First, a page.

Biological Models in Epidemiology: Radiation Carcinogenesis
There is general agreement that ionizing radiation is the best understood of the common environmental causes of cancer. Although the mechanisms by which radiation damage to tissue leads to cancer are not known precisely, a considerable body of radiobiological theory has evolved, providing valuable guidelines for the analysis of observational data. The existence in man of a cancer risk from ionizing radiation is well established. It appears to affect all or nearly all tissues in which cancer commonly occurs. It is the nature of this risk that now excites our interest, including 1) the relative sensitivities of various tissues to the carcinogenic effects of ionizing radiation, 2) the influence of sex, age at exposure, hormonal status and other host factors at the time of exposure, and the influence of cancer risk factors other than radiation, on the carcinogenic response to radiation, 3) the distribution over time following exposure of the excess cancer risk from radiation, and 4) the influence of various dimensions of exposure, including dose, radiation quality (linear energy transfer, or LET), and fractionation and protraction of dose. These factors are not unrelated, particularly the dimensions of exposure, but it is the cancer risk from low-dose, low-LET radiation that is of most concern for public policy, and about which there is the most controversy.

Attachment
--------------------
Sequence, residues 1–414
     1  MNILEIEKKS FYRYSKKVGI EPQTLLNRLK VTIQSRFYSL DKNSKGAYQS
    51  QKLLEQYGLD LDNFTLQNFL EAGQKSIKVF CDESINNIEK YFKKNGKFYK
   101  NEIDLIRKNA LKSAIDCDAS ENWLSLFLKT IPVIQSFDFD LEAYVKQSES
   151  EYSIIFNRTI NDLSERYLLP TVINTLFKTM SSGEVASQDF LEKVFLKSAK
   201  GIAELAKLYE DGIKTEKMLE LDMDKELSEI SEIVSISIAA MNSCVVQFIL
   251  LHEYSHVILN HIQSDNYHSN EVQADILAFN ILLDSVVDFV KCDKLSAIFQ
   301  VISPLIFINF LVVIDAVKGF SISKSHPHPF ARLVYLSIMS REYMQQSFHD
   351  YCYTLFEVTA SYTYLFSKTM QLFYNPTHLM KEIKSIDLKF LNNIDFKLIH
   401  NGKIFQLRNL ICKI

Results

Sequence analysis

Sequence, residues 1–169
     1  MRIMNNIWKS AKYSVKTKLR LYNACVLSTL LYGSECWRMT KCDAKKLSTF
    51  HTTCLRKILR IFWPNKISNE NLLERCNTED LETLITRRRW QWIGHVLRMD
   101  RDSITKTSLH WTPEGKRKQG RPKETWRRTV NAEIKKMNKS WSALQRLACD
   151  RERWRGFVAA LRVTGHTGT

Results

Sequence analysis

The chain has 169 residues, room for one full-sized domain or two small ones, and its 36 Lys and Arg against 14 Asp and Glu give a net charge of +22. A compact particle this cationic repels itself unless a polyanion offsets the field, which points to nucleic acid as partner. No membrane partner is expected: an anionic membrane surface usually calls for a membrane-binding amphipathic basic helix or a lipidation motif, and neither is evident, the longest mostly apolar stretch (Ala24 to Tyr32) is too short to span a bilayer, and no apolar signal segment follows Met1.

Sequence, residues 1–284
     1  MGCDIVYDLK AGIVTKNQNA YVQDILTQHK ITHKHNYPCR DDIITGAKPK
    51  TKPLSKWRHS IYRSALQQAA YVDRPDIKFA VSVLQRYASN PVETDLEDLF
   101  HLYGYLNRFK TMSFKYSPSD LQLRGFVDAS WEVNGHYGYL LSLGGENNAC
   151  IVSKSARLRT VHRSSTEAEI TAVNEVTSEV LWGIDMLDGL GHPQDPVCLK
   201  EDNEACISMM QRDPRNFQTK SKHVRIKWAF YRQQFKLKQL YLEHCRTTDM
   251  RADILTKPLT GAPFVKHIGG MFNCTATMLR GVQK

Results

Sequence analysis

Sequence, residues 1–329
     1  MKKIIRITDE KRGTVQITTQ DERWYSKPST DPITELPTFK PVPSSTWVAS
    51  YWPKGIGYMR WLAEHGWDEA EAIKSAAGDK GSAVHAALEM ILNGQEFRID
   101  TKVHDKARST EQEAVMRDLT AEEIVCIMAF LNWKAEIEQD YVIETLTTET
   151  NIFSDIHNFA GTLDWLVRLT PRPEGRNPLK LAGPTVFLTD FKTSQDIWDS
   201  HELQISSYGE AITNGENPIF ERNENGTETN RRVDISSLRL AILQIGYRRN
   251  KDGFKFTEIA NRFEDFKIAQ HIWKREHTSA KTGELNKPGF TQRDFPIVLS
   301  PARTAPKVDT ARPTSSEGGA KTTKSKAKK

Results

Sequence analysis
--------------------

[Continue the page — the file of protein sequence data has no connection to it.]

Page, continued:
KeywordsBreast Cancer Atomic Bomb Gamma Dose Neutron Dose Breast Cancer Data
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